Fighting the Rise of Non-Communicable Diseases in Africa

Much is being done to try to halt the rise in non-communicable diseases in Africa. My Child Matters program was launched in 2005 as a partnership between Sanofi Espoir Foundation and the Union for International Cancer Control (UICC). Its aim is to reduce inequalities in childhood cancer survival in developing countries.

Since then, My Child Matters has supported 58 hospitals and NGOs in 42 countries. In Africa, projects include encouraging early diagnosis of retinoblastoma, an eye cancer. In high-income countries, more than 95% of children with this disease survive and retain their sight, while in middle and low-income countries, less than 40% survive. Early diagnosis gives these children a much better chance of survival and of retaining their sight.

Other projects include an African School of Pediatric Oncology which has also been set up in Morocco to train a wide range of healthcare professionals in French-speaking countries across the continent, and a new cancer unit created in Senegal, with funding for free medication. This has since developed into a national service which aims to provide treatment closer to the children’s homes. Survival rates for nephroblastoma, a common childhood kidney tumor, have increased from 50% in 2006 to 74% today, and the cost of all therapy is now paid by the government.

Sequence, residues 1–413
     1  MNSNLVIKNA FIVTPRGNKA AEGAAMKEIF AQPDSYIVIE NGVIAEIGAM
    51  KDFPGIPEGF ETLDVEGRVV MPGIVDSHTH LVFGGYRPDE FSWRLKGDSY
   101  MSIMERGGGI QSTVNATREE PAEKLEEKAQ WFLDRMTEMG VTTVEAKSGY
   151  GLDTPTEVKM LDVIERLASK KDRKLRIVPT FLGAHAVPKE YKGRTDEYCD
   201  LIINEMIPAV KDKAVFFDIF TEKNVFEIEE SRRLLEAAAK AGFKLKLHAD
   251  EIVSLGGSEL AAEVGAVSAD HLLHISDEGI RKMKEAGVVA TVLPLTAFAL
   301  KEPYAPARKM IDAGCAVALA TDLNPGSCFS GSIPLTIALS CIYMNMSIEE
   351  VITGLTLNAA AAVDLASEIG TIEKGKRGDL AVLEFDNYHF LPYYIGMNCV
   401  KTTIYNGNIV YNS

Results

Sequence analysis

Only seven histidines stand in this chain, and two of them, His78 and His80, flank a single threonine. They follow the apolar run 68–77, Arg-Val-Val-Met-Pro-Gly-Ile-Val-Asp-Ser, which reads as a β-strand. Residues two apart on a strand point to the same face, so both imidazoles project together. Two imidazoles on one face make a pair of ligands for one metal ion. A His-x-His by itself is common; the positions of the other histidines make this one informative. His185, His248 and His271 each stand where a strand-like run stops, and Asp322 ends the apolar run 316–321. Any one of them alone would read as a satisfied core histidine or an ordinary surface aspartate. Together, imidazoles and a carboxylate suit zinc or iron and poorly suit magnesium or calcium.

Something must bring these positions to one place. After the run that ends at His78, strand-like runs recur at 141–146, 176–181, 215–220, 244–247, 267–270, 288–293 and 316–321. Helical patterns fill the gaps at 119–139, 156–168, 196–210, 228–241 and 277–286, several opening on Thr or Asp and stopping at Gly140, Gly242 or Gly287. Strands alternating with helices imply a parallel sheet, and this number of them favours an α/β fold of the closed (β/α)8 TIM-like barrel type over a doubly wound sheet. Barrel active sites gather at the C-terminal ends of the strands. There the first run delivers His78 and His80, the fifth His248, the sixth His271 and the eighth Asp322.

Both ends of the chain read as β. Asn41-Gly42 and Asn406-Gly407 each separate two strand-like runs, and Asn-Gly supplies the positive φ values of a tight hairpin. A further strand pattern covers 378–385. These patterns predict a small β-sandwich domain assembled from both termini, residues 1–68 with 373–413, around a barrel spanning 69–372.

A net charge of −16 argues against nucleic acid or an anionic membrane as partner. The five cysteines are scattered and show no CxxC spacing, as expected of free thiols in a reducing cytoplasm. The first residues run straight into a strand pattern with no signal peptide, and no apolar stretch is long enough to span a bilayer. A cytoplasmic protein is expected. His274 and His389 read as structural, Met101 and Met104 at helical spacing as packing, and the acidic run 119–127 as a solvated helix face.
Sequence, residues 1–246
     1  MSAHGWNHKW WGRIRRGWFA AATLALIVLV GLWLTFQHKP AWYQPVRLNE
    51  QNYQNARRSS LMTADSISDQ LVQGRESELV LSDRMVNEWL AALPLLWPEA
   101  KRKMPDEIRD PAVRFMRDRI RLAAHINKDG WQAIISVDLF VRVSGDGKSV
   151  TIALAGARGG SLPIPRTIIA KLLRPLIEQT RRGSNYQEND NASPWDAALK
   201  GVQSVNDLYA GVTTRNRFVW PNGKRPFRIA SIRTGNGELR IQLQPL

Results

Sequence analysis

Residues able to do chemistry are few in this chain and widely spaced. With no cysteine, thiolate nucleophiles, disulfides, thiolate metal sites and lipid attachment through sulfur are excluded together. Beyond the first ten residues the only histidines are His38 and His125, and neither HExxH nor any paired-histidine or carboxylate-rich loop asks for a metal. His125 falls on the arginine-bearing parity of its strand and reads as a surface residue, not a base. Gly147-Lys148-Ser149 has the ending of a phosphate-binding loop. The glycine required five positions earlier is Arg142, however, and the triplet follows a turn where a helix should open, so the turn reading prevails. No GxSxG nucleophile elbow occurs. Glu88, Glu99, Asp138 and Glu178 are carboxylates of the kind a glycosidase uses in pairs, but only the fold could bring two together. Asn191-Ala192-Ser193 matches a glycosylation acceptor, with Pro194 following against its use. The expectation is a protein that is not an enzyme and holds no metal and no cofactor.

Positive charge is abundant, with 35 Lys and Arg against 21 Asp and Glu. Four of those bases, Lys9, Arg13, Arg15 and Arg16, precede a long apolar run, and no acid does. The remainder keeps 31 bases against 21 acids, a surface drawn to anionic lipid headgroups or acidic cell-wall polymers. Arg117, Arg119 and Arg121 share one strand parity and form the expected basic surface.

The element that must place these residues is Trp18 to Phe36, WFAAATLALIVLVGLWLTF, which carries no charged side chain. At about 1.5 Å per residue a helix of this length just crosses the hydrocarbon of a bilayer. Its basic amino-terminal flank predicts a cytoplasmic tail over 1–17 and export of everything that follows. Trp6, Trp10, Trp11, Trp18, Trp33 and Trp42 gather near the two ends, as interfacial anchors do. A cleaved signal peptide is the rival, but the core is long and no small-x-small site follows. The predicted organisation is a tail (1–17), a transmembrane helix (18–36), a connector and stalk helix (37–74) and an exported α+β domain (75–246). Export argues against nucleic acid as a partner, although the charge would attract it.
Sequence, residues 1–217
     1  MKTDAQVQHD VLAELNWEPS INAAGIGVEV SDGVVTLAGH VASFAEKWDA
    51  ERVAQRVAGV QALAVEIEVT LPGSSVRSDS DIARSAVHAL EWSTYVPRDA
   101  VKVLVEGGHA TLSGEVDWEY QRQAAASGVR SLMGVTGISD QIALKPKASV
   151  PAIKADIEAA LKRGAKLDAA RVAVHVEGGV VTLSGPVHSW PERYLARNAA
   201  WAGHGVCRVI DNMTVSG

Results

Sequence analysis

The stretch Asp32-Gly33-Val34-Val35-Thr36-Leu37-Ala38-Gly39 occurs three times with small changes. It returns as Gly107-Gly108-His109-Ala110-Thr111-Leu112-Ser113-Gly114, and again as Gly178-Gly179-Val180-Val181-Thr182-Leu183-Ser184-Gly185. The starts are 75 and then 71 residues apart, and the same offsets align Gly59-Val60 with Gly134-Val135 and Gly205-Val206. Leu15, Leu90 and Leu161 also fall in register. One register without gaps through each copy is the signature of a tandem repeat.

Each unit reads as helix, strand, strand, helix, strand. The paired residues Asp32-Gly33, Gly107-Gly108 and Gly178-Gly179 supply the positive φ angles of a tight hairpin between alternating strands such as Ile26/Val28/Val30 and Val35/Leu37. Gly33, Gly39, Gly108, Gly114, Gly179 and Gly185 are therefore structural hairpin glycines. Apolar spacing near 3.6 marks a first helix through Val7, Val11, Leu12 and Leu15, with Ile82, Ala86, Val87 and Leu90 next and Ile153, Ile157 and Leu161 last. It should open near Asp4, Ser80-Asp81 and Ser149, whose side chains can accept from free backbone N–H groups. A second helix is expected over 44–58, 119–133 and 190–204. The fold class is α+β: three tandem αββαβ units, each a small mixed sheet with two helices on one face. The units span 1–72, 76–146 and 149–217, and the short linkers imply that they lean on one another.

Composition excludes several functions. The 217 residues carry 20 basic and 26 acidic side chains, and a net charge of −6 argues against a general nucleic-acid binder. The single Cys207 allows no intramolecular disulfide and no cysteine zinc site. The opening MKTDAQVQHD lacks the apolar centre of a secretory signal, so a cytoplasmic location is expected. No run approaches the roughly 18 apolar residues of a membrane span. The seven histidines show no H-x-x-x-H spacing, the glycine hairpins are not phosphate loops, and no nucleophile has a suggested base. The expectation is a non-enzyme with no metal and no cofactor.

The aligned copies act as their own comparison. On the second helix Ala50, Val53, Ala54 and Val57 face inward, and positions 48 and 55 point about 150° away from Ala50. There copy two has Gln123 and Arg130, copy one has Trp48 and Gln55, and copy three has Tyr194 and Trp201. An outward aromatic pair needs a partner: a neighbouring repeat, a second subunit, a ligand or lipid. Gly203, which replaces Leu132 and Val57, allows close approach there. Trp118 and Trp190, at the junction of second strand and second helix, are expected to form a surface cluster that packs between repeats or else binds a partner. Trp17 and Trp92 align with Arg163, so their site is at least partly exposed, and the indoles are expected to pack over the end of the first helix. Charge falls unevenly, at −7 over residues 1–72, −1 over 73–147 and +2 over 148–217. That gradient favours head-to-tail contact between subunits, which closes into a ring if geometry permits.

Sanofi is also acting to help children living with diabetes manage their disease and raise awareness about healthy lifestyles. The Kids and Diabetes in School project is an educational program developed with the International Diabetes Federation. The program includes a toolkit adapted to a diverse audience of teachers, children and parents. It is currently available in 13 languages and has so far reached 60,000 children around the world and in Egypt.